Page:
Fig Tree Creek Project
Capricorn Coast Landcare Group commenced rehabilitation of the lower section of Fig Tree Creek in 2010 and continues to progressively add to on-ground works that reinstate the functioning of Yeppoon's major waterway. Led by past President, Alby Wooler (until his passing in July 2017), our team of volunteers have maintained a rigorous weekly schedule of weeding, spraying, watering, planting, mulching, and picking up litter for the past eight years. The site is not only a credit to their hard work and Alby's vision, but to the commitment of the current Landcare team in moving forward.
Partnering with Livingstone Shire Council and Fitzroy Basin Association (through a succession of funding grants from the Federal Government), the Landcare team have removed over 150 abandoned shopping trolleys, 25 trailer loads of weeds, hundreds of bags of rubbish, and two 7 tonne truck loads of flood and cyclone debris.
It was originally difficult to discern the waterway as it was choked with rubbish and layer upon layer of weeds - up to 2 metres high in some areas. As the weeds and rubbish were removed the creek once again became visible and free-flowing.
Bank stabilisation works, a fenced pedestrian walkway along the creek, a new footbridge and path have been installed at the site.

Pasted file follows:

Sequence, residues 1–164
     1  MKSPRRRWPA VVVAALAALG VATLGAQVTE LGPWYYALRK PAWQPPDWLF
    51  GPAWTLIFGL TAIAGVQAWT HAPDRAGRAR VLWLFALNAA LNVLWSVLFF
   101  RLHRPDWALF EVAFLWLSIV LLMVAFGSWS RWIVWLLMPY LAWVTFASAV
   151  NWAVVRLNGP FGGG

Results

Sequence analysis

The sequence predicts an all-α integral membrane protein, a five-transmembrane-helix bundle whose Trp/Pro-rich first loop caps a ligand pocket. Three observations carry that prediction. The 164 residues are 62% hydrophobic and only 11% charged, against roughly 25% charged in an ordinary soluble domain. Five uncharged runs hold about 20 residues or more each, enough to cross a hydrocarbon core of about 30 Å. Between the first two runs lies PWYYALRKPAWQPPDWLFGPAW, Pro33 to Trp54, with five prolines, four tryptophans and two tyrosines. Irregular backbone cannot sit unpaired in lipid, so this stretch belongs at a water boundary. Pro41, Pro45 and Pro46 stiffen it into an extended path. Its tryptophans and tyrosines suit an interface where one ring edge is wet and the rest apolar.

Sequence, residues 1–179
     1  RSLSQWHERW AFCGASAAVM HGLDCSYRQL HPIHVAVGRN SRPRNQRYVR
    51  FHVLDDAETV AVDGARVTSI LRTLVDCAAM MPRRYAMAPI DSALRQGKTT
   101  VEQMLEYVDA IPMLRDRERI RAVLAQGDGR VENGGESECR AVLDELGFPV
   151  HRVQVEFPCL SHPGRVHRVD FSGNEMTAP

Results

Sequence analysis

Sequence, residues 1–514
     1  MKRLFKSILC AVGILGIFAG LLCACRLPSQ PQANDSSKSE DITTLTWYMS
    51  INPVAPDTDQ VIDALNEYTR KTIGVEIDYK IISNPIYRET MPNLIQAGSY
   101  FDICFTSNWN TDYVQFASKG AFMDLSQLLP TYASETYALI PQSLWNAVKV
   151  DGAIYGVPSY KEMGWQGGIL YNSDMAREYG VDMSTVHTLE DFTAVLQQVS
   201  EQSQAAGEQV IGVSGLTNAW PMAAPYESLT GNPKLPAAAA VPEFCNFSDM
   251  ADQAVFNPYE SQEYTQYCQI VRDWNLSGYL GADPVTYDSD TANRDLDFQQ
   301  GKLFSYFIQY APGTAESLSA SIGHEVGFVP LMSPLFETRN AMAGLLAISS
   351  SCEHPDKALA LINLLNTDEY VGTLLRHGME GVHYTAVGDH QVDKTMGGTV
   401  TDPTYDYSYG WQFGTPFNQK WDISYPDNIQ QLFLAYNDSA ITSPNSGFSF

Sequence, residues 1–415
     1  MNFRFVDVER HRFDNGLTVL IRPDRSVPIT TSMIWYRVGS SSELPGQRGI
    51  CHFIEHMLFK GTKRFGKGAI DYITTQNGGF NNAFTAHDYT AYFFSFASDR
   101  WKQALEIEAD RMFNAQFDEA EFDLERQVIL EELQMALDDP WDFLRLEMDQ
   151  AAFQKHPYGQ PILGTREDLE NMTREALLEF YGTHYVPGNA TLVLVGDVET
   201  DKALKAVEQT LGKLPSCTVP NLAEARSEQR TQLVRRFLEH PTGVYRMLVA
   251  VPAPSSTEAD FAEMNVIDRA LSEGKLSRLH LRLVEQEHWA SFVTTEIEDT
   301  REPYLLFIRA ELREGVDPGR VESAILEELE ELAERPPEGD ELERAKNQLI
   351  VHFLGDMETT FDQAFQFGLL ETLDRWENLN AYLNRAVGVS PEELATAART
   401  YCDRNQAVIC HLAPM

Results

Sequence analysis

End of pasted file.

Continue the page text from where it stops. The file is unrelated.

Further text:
Many local residents told us that the problems they had been having with pests and rodents had eased as the weed and rubbish problems were fixed. There has also been a return of fish to the waterway and birds such as white herons, grey herons, diver ducks and black ducks.
Each month, bird and fish surveys are conducted by Landcare volunteers with data supplied to Birdlife Capricornia and Fitzroy Basin Association. This gives a clearer picture of local biodiversity and how the creek and its ecosystems are recovering.
As well as maintaining various remnant species on the site, Landcare has undertaken additional plantings of natives during the past eight years.
Species include: cordyline, lomandra, native hibiscus, pavetta, native witch hazel, Archer cherry, melaleuca, lime berry, native coffee, grevillea, and many others.
This site hosts a 'sweetwater' zone - where tidal salt and fresh waters meet, making it a unique habitat for diverse species. Considered the epicentre of Yeppoon township, it is now a scenic, shaded area used by the whole community. It is enjoyed by visiting tourists and locals who often comment on its peacefulness and beautiful trees. Canoeists can now be seen paddling up the creek on very high tides.
It will shortly be named the 'Alby Wooler Reserve' in honour of the man who dedicated half his life to improving our local environment.
The 2015-2018 stages of the Fig Tree Creek Rehabilitation Project have been funded through the Caring for our Country Reef Rescue Programme, Commonwealth of Australia (administered by the Fitzroy Basin Association).
Priority invasive weeds that Landcare works on controlling at the Fig Tree Creek Rehabilitation Site include:
Leucaena leucocephala (leucaena)
Ipomoea cairica (morning glory)
Panicum maximum (guinea grass)
Macroptilium atropurpureum (siratro)